It's a victory for medical science that deaths from cardiovascular disease (CVD) or heart disease are falling in a number of rich nations. But CVD is being replaced by cancer as the top cause of deaths in a number of these countries.

And that's a whole new challenge altogether.

A study, published in the peer-reviewed journal The Lancet, Tuesday, found cancer is moving past CVD as the leading cause of death among middle-age adults in a number of countries. The study is the largest of its kind, analyzing causes of death across five continents.

It revealed among adults ages 35 to 70, CVD remains the leading cause of death globally. On the other hand, deaths from cancer are now more common than those from CVD in some high-income and middle-income countries. These countries include Argentina, Canada, Chile, Poland, Sweden and Turkey.

"We have been watching the decline in cardiovascular disease for a while in many countries," Dr. Salim Yusuf, senior study author, a distinguished professor and executive director at the Population Health Research Institute at McMaster University in Canada, said.

"It was just a matter of time that the progress we make in reducing cardiovascular disease mortality will lead to a fall in death rates from cardiovascular disease below that of cancers."

According to the study, "this epidemiological transition" might be due to improved prevention and treatment of CVD in rich countries. It noted successful strategies to prevent and treat cancers have yet to lead to large reductions in most cancers.

After analyzing the massive amount of data at their disposal, researchers found that noncommunicable diseases such as CVD were the most common cause of deaths and illnesses among adults worldwide. They also found CVD was more common in low-income and middle-income countries than in high-income countries.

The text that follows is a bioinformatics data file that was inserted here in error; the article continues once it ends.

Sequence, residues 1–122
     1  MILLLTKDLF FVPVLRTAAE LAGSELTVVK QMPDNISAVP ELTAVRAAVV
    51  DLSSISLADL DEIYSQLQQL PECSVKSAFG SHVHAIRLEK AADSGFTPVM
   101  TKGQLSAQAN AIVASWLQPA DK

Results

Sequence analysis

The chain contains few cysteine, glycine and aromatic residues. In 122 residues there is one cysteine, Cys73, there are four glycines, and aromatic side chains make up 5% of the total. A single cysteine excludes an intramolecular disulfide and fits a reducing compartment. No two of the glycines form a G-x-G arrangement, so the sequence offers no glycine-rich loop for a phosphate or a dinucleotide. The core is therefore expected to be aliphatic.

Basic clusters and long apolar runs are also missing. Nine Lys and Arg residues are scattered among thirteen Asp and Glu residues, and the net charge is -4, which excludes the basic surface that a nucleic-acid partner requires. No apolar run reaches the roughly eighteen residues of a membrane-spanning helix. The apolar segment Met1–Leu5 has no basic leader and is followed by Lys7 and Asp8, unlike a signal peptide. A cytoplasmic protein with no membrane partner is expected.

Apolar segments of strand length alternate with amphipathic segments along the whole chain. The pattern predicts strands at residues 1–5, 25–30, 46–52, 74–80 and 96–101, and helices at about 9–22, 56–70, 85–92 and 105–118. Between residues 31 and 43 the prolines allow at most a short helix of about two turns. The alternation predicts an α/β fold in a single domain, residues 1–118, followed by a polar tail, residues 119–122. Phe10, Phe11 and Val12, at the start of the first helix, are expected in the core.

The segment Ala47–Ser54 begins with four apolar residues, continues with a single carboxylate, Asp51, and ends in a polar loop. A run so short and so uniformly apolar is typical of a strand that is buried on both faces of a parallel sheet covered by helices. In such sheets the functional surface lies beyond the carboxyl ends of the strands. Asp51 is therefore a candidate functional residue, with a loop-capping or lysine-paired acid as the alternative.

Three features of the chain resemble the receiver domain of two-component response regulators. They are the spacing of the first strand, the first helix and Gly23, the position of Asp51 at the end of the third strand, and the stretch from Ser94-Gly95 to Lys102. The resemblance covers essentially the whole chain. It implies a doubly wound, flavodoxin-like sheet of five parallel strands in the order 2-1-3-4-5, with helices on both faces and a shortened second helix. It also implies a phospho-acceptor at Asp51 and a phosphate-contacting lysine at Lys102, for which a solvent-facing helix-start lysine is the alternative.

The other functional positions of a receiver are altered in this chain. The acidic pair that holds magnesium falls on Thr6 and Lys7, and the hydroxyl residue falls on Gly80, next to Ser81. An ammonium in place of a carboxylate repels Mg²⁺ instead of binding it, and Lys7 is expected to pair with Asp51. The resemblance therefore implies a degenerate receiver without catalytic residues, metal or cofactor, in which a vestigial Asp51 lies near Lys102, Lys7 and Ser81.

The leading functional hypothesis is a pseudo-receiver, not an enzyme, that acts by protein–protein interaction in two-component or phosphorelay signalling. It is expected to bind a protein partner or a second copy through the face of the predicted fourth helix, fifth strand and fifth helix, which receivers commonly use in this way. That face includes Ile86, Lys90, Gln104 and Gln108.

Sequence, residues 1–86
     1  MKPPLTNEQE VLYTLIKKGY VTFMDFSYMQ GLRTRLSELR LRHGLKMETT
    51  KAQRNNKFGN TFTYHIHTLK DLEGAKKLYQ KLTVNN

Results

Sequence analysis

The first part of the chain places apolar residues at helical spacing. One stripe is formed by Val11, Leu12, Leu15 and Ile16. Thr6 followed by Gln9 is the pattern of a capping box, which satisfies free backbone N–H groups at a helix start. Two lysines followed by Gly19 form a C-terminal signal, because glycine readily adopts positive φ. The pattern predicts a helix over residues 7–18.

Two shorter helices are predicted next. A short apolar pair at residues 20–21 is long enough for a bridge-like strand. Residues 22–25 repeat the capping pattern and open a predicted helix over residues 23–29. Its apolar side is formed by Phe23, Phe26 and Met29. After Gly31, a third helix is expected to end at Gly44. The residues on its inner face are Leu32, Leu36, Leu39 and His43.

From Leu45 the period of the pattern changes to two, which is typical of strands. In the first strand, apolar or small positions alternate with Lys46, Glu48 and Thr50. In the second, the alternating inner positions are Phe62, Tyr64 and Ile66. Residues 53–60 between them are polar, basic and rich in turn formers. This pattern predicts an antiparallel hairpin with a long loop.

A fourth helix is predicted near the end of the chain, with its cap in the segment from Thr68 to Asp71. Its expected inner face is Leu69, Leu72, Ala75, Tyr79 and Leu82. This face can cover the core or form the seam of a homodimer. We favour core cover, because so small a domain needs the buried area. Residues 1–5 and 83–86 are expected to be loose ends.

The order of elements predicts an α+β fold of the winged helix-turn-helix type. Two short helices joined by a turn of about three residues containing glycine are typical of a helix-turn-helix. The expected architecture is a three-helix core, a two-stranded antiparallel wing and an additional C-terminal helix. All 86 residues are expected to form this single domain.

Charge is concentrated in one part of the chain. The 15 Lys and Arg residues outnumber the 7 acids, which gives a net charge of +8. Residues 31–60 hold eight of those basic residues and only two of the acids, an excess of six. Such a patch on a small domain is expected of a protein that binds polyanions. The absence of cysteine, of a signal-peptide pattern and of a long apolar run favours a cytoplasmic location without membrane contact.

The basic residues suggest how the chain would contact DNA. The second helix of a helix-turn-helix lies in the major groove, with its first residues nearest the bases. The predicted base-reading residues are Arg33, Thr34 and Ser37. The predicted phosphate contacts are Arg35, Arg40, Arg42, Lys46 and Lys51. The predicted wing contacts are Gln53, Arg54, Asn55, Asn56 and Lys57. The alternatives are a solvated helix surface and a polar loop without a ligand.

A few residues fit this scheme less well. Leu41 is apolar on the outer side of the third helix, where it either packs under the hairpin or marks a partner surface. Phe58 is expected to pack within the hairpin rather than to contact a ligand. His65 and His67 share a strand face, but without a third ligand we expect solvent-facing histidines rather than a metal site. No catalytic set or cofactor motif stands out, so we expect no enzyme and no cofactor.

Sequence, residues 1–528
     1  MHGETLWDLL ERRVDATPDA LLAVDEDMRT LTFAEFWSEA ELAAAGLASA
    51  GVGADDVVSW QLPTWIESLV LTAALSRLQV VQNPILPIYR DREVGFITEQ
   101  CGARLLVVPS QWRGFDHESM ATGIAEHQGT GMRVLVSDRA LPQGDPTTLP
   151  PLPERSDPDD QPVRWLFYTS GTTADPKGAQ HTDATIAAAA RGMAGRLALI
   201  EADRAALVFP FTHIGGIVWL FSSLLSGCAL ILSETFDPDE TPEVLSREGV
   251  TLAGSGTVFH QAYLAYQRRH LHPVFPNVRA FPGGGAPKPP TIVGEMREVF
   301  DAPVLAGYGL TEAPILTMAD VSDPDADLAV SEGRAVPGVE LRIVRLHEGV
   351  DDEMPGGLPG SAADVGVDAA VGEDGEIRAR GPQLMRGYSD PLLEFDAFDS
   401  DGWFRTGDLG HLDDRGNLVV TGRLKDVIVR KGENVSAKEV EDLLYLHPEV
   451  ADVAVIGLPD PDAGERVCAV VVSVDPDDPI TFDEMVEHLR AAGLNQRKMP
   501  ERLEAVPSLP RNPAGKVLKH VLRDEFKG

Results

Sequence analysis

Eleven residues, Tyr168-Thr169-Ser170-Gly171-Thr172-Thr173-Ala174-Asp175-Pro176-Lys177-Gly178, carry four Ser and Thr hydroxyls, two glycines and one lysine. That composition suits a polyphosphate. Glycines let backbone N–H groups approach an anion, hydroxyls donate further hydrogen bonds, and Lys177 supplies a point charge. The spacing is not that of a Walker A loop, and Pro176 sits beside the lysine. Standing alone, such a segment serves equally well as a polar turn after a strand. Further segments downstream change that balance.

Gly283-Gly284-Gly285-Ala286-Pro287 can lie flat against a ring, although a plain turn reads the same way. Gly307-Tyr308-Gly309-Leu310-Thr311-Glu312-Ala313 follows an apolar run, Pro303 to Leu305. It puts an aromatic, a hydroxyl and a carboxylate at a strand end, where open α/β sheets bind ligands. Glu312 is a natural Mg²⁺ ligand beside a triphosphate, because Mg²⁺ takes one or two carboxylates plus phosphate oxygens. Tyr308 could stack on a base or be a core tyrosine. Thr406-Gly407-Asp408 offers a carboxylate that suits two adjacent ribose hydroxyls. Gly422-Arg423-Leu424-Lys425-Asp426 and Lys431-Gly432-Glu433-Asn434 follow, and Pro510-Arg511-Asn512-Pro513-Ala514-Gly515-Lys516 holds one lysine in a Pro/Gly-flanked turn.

Conversely, there was a higher incidence of death from cancer than CVD in high-income countries and some upper middle-income countries. In high-income countries, "death from cancer was twice that from cardiovascular disease," according to the study.

In the low-income countries, "death from cardiovascular disease was three times that from cancer.”

Figure A is an overview of a heart and coronary artery showing damage (dead heart muscle) caused by a heart attack. Figure B is a cross-section of the coronary artery with plaque buildup and a blood clot. U.S. National Heart, Lung and Blood Institute

The study analyzed data on deaths and diseases among 162,534 adults across five continents. The data was derived from the Prospective Urban Rural Epidemiology (PURE) study and covered the period from 2005 to 2016.

Adults in countries covered by PURE were grouped into three categories.

The low-income countries consisted of Bangladesh, Pakistan, Tanzania, Zimbabwe and India. Middle-income countries were the Philippines, Iran, South Africa, Brazil, Malaysia, Colombia, China, Turkey, Poland, Argentina and Chile.

High-income countries consisted of Saudi Arabia, the United Arab Emirates, Canada and Sweden.

The United States was not included in the new study.